Trust should increase the more MPs are perceived to be conducting their affairs not for their own benefit, but for the benefit of the citizens. Experience suggests that only regulatory solutions that involve a wide group of citizens are likely to enable that dynamic to occur. Similar observations were made in a recent lecture by Professor Jonathan Zittrain, which I covered here:

    In essence, MPs must not hide behind “an independent regulator”, but submit their affairs to a far more open and transparent process of the kind we see operating on many web-based platforms today.

  6. Croft
    21/05/2009 at 12:11 pm

    Do you think George Young would have been a reforming speaker – or that this crisis having occurred he would have handled it substantially differently. I’ve never heard a bad word said against him but a natural reformer?

    Under the ‘Sir Alec Douglas-Home Memorial rules’ the new speaker is likely to be no ones first choice but someone everyone can tolerate. Though judging by the comments sections of the house seem almost determined to back candidates to annoy other sections.

  7. ladytizzy
    21/05/2009 at 8:40 pm

    Are there sound reasons to continue having an elected MP as the Speaker?

    Does this mean more or less representation for the Speaker’s constituents?

    I have been arguing for an independent body to set pay and expenses for MP’s and Pees…

    Yes, we are all in urgent need.

    Shame on you, Croft, for missing that open goal!

  8. Tio
    21/05/2009 at 9:32 pm

    Michael Martin is the first major victim of the expenses scandal because he was, in part, overseeing, and, in part, benefiting from it.

    MPs are looking for a scapegoat for their own gluttony, which shows how worried they are.

    The Westminster consensus – that profit is good – has left them feathering their nests while lecturing the rest of us on tightening our belts.

    The crisis at the heart of the political system runs deep because it is symbolic of the lack of legitimacy of the “mother of parliaments”.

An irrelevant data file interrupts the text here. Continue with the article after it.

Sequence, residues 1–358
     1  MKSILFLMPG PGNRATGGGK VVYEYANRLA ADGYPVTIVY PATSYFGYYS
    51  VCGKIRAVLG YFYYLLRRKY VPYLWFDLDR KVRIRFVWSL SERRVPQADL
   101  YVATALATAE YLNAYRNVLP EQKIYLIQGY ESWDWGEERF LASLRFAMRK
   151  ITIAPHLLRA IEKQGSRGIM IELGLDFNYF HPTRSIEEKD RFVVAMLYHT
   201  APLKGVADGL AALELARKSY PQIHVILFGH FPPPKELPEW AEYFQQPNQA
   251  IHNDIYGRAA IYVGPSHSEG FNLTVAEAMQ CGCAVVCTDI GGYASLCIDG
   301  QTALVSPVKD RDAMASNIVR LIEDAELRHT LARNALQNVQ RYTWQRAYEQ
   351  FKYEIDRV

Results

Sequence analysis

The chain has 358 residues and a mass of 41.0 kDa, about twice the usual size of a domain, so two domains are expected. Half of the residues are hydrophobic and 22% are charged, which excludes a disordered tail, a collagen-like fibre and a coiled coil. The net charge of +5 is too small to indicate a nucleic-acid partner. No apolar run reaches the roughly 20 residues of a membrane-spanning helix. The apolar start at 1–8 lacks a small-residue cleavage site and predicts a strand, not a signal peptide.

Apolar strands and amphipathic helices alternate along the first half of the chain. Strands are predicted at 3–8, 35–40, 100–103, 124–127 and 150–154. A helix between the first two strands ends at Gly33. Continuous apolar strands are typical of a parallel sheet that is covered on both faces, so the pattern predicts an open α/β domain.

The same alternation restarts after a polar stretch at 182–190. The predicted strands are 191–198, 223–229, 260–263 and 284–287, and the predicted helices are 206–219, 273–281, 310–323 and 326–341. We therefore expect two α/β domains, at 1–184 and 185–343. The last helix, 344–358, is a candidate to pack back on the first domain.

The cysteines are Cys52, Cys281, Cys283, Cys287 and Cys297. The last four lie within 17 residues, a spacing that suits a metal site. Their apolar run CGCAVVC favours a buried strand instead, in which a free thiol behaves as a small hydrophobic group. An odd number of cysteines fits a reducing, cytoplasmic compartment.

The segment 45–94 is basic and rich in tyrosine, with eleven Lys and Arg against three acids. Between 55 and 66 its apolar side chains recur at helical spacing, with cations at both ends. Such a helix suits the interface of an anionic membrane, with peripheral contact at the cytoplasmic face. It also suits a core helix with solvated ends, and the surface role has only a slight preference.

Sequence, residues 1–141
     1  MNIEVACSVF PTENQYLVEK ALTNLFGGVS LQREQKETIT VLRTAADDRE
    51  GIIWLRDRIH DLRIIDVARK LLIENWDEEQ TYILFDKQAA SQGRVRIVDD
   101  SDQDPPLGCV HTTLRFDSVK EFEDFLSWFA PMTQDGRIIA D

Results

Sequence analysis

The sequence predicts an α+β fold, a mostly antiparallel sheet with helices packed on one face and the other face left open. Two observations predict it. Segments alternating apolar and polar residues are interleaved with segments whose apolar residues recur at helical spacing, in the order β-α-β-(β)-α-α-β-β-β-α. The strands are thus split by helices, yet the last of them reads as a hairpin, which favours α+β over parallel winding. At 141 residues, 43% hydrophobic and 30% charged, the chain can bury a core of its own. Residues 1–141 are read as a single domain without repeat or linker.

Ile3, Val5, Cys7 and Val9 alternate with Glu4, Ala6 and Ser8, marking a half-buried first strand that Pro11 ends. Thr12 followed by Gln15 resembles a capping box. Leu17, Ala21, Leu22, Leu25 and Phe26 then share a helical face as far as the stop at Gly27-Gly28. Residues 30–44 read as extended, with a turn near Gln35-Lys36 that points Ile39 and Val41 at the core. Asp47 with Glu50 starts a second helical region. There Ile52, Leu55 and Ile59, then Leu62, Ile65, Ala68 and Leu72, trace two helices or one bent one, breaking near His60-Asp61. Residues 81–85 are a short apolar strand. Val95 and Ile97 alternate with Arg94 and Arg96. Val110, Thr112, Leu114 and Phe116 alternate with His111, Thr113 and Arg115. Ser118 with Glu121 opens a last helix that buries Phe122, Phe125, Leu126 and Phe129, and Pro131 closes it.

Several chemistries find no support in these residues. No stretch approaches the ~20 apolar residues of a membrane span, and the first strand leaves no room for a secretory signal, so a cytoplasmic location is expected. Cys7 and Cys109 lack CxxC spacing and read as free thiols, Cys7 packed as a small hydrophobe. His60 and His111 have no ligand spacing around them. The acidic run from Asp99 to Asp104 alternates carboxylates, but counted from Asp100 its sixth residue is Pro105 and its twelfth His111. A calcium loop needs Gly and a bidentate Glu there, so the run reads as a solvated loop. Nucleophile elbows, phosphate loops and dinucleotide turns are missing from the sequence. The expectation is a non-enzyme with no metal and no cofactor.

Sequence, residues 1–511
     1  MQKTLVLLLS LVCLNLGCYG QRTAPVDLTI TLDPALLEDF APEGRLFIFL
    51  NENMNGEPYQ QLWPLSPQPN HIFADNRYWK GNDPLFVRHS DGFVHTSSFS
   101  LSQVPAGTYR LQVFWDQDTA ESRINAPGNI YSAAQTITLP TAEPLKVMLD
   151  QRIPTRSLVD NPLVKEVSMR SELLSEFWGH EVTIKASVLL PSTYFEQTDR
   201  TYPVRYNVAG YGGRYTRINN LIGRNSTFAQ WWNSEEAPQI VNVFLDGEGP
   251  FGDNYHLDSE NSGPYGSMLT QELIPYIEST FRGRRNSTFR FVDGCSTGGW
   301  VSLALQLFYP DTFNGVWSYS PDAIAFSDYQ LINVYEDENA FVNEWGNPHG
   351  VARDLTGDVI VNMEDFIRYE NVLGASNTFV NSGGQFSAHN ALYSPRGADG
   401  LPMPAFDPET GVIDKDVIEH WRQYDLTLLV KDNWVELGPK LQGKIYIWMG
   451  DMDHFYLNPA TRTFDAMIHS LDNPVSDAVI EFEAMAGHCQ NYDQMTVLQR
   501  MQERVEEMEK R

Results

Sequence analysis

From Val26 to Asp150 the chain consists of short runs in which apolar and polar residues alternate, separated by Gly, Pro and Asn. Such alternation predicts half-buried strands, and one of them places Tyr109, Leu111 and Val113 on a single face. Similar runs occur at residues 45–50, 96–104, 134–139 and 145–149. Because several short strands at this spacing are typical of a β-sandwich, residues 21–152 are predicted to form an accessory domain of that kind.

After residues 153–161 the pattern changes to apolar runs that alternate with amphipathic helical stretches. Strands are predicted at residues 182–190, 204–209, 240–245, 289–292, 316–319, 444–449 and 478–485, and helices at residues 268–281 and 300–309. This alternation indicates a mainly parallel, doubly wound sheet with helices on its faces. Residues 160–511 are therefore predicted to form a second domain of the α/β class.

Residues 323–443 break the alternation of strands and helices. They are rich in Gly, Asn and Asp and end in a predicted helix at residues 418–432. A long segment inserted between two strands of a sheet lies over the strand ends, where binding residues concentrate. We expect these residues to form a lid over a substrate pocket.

This is not just about the stench of corruption as politicians have handed more and more control over to business.

    It is shining a light on the reality of democracy in our system.

    Real democracy is about having control over our lives and a real say about what happens in society.

    Even in its ideal form, parliamentary democracy is a pale shadow of that.

    The perks and the second homes are simply the tips the loyal politicians take as part of running the system – not in the interests of all as they claim, but in the interests of the rich.

    Standing out against the sewer of sleaze running through parliament means not simply dumping one or two crooks but fighting for real democracy.

  9. Clive Soley
    22/05/2009 at 8:56 am

    This is a hasty response as I will not be able to post for a few days after this.

    Parliament is sovereign so it could always change an independent system – would anyone want to after this?!

    The problem started forty or more years ago when successive governments ducked the pay issue – it’s always too embarrassing to put up MP’s pay. Expenses became the soft option. That’s an explanation NOT an excuse

    I think all MP’s are so ashamed by this that they will elect a reforming Speaker and that should help a lot.

    Sorry about the rush!

  10. 22/05/2009 at 11:30 am

    I remember Harold Wilson raising MPs pay more or less the day after a General Election, saying that there was never a right time to do it. Politically, of course, it is the right time to do it as the optimum number of days with the optimum number of issues then occur before the following General Election, by which time the event’s forgotten. Clever lad, ‘our ‘arold’ as he was known in Huyton.

    To be perfectly fair about this, pressure to keep down one’s pay in fear of sparking a public sector pay uprising is an occupational hazard of being a parliamentarian. But you’re not alone, think of the moral dilemmas facing nurses and other carers in their pay battles, when governments are often seen as ‘the enemy’.

    I think UK MPs are poorly aid compared to legislatures of other advanced European nations, but if you want to do anything about it at present you’d best make friends with Douglas Hogg, as someone with a moat and a drawbridge could prove a good deal more valuable than he’s hitherto been portrayed in this saga!